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Kevin Pacey wrote on Tue, Oct 31, 2017 11:09 PM UTC:

Comparing a wazir and ferz in the context of a chesslike game with pawns promoting to some decisive piece type (such as a queen) is an interesting exercise. For comparing two non-compound piece types previously, namely a bishop and a knight, I noted that they each have 3 advantages (and thus also disadvantages) respectively compared to one another, so that they ought to be close in value (each worth at least 3 pawns, as either often restrains 3 pawns in an ending). Namely a bishop is colour-bound, does not leap and moves in half the directions of a knight, but the disadvantages of a knight are that a bishop reaches more squares on an empty board on average, is both a long and short-range piece and it can influence both sides of the board in widely seperated sectors at times. Perhaps e.g. the diminishing of importance of a knight's leaping power's worth in many open board endgames might give the bishop a microscopic edge on average?!

Looking at wazirs and ferz' in a somewhat similar manner, a ferz is colour-bound but a wazir reaches less valuable (i.e. non-forward) directions more often than the former. That is, if we number forward directions as worth 2 and sideways and backward directions as worth 1, we see that the sum of the value of the wazir's 4 directions equals 2+1+1+1=5 while the the sum of the value of the ferz' directions equals 2+2+1+1=6, or slightly more than the wazir's sum. So, one advantage and disadvantage each so far for these two piece types.

Next, how do they compare in stopping or capturing chess-like pawns? Well, a ferz would normally not be able to capture a pawn in front of it (short of being aided by zugzwang), but note it will naturally stop it in a one on one battle, plus at times restrain the advance of a pawn on a neighbouring file, too (sometimes it will not, if the pawn pair may start as a phalanx). This may even suggest a ferz is worth (1+2)/2=1.5 pawns on average, at least in terms of restraining power. Now, how does a wazir stack up? A wazir can surely destroy a pawn in front of it, in a one on one battle. However it seldom even restrains two connected passed pawns; it may win one of them, but then the surviving neighbour will race ahead and unstoppably promote. So, a wazir is worth less than 2 pawns this suggests, but also that it's worth more than one pawn. Why not suppose it's 1.5 pawns, too? We do already know a wazir and a ferz already each have one advantage going for them over the other, from the last paragraph. Well, such ways of sizing up the values of piece types may seem like virtually guesswork, but at least I was pleasantly surprised to see that Ralph Betza in a CV Piece Article which alluded to his Chess with Different Armies variant gave the wazir and ferz as each having 'ideally' the same value as half a knight (not absolutely sure if this means these pieces should thus be theoretically entirely equal in value). I seem to recall this hasn't been the first time I've finished up weighing piece type attributes and apparently agreed with Mr. Betza's valuations (in this particular case I'm assuming a knight is worth 3 according to him, while I put it at Euwe's 3.5, however), though I've put less thought into such as a rule.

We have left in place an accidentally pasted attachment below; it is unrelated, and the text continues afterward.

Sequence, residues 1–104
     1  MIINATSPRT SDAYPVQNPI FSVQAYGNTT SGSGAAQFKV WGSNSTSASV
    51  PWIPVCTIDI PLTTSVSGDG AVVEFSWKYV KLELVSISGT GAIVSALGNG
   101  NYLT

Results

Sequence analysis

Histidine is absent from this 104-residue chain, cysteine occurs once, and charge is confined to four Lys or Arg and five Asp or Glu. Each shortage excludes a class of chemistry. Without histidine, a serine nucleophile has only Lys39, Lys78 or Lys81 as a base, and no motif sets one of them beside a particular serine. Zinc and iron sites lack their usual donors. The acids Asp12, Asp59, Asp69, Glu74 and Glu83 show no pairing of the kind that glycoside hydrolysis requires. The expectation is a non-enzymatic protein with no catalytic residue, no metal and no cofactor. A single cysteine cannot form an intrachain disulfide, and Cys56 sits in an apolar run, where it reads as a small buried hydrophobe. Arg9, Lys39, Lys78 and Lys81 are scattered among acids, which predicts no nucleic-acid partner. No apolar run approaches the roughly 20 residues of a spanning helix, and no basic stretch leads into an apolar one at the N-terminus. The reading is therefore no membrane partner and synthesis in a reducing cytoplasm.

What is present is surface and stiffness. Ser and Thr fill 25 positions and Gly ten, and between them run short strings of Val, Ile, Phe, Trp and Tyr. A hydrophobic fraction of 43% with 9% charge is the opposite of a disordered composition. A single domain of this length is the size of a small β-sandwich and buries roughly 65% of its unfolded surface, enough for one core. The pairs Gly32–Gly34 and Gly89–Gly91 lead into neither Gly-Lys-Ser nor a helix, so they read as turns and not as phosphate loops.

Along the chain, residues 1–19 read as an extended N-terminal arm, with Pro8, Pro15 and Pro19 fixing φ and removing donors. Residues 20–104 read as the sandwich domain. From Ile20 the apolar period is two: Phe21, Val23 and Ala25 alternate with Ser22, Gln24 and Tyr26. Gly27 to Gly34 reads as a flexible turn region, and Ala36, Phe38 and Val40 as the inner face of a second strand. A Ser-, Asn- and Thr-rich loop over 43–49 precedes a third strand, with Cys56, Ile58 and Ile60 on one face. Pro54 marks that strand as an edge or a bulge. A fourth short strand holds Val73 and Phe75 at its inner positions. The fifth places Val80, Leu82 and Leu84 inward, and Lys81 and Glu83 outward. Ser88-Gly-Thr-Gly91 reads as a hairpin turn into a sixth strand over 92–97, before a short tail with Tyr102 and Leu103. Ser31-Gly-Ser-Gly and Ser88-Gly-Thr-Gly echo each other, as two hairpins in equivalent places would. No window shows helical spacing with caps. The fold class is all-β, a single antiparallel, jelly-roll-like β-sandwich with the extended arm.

I would note that whether or not we suppose a ferz is worth 1.5 and a wazir the same (or even close), the compound of these two pieces is a guard. My primative way of evaluating a compound piece is to often just add a pawn's value to the sum of their values, so Guard=Ferz+Wazir+Pawn=1.5+1.5+1=4, which is (even if somewhat surprisingly) the fighting value a King was thought to have on chess' 8x8 board by a number of old-school chess greats including World Champion Lasker. If we take a Guard as worth 3.2 instead (as per computer study), and place a wazir at the low value of 1.25, that still doesn't give too much of a bonus for the compound of these two piece types in the form of the Guard, that is the bonus for compounding would be only 0.45, which somewhat surprises me, somehow.

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